The Peacemaker Personality #9

As the name suggests, one of the core traits of those possessing the Peacemaker temperament is the desire for harmony. People with this personality will go to the ends of the earth to avoid conflict, minimizing, simplifying or even avoiding problems, as well as going along with others’ opinions, even if they don’t agree, simply to keep the peace.

Peacemakers strive for both internal and external stability and peace of mind. Their most deep-seated fear is one of loss of, or separation from, those they care about, as a result of disharmony or disagreements.

This personality type tends to be easy-going and affable. Peacemakers are one of the most trustworthy temperaments, generous with their support and reassurance, going out of their way to help others see the brighter side of things. Receptive to new ideas and relationships, they have a stable, creative and agreeable presence.

At their best, Peacemakers are connectors, bringing people together by steadfastly resolving conflicts. However, people with this personality can also bury their heads in the sand to avoid situations they find disturbing, upsetting or impossible to resolve quickly and easily.

If they are in this place of avoidance, Peacemakers turn tail and run from challenges by telling themselves these issues “don’t exist,” or by attempting to rise above them by looking for a silver lining as a protection mechanism. They may also seek out simple, painless solutions in an effort to jettison the issue and restore desperately-desired harmony.

 Photo credits Kai Stachowiak

Photo credits Kai Stachowiak

Peacemakers long for a spiritual connection with others, and with the universe as a whole. Spirituality creates and nurtures their peace of mind, and the state of internal and external harmony that Peacemakers strive to maintain.  Depending upon the spiritual place a person with this temperament is in, their spirituality can either augment their strengths or provide a placebo for their weaknesses.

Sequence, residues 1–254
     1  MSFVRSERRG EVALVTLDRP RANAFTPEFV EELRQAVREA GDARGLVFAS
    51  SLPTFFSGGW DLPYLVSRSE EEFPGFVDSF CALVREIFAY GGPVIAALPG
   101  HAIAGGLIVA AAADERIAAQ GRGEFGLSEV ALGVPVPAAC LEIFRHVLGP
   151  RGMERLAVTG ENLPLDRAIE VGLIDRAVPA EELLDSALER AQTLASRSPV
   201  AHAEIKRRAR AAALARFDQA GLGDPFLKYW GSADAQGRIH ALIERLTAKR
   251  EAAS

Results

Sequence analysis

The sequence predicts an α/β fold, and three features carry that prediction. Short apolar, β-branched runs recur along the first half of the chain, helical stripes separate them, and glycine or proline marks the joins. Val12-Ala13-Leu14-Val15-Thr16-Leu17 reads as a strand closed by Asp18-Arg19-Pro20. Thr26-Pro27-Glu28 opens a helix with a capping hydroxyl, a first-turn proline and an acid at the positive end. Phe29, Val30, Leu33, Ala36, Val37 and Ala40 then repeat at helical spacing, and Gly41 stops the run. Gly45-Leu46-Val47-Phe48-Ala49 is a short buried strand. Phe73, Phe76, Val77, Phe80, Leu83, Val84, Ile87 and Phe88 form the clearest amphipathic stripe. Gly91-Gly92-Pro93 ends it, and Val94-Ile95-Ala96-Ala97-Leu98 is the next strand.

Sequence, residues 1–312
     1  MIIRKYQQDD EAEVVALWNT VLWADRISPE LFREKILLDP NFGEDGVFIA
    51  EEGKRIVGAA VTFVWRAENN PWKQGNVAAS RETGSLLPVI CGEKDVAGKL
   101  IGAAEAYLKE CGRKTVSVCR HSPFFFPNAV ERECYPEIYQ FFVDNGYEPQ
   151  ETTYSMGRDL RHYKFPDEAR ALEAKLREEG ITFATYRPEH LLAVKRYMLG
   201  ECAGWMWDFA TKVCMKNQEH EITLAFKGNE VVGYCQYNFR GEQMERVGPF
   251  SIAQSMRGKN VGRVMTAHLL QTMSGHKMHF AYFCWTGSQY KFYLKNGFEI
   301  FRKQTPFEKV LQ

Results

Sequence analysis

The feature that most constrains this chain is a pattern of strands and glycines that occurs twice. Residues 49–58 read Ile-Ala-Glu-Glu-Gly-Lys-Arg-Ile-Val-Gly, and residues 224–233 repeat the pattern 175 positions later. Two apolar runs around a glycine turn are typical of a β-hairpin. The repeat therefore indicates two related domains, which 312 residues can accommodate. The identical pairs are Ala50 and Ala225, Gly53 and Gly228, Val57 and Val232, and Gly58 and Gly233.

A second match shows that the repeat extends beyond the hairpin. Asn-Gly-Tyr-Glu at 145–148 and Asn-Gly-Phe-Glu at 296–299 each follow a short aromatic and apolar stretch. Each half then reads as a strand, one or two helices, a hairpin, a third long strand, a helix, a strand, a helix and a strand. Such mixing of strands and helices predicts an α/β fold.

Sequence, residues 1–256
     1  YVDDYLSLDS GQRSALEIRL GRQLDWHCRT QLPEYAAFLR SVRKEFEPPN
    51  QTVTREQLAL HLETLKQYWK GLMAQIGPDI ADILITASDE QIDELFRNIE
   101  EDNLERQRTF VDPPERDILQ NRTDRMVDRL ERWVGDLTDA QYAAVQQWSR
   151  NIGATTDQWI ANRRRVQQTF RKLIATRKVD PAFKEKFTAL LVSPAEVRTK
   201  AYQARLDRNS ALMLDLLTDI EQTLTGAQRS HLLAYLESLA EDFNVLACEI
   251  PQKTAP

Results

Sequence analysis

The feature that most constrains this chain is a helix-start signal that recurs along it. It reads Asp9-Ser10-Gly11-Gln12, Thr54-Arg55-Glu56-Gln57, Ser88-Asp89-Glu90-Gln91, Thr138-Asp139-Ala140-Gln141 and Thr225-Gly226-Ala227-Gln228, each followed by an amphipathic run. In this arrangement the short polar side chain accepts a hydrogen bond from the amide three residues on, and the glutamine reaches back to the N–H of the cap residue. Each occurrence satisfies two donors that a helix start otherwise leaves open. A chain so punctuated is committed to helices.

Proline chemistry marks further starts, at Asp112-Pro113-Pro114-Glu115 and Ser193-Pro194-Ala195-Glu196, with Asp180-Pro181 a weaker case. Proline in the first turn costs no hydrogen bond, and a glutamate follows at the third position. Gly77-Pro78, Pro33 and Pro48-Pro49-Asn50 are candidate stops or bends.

Though Peacemakers are firmly grounded in the world around them, as well as in their own physical selves, they don’t necessarily have a concrete sense of identity. Rather, they seem to embody or emulate the other personality types instead of embracing their own unique traits. This lack of a strong personal identity puts Peacemakers on edge. It means they have to constantly assert themselves with other people, a situation they persistently attempt to evade.

Well-known Peacemakers include actresses Geena Davis and Whoopi   Goldberg, actor Morgan Freeman, Queen Elizabeth II, JFK Jr. and Gloria Steinem.

This temperament can persist in denial, checking out and running away from conflict and challenges that they find upsetting, difficult, or can’t resolve. Some use spirituality to generate a false sense of peace to hide behind, while others look for the positive outcome as a way to justify their fear of facing a problem head-on. And still others over or under eat or abuse alcohol and other substances to drive away their loneliness and anxiety or to generate a state of numbness in which conflict just simply doesn’t matter.

To be their best selves, Peacemakers must face reality. They need to accept that life can be difficult, and there will undoubtedly be challenges and conflict along the way. Below are guidelines for Peacemakers to attain personal growth:

·       Have an awareness of, and examine, your tendency to go along with others, doing whatever they want in order to keep the peace. Will constantly acquiescing to the wishes of others provide the kind of relationships that will really satisfy you? It is healthier to be yourself, and to be independent so that you can truly be there for others when they need you.

·       Exert yourself. Pay attention to what is going on, instead of drifting off, tuning out or daydreaming as a means of escape. Focus your attention and become an active participant in the world around you. Be more mentally and emotionally engaged.

·       Recognize feelings of aggression, anxiety, and other emotions with which you must cope. Negative feelings and impulses, which are a part of you, affect you emotionally and physically, whether or not you acknowledge them. Your negative emotions are frequently expressed unconsciously, blocking the peace and harmony you are working so hard to achieve. Get things out in the open by allowing yourself to become aware of your feelings.

·       Examine troubled relationships with partners, spouses, children, and others. Honestly examine how you have contributed to issues within your relationships. The choice is simple: you must often sacrifice your peace of mind (in the short run) for the satisfaction of having genuine relationships (in the long run).

·       Exercise frequently to become more aware of your body and emotions. Regular exercise is a healthy form of self-discipline and will boost awareness of your feelings.  Develop body-awareness; this will teach you to concentrate and focus your attention on other areas of your life. It is also a great way to get in touch with and express your aggressiveness in a healthy manner.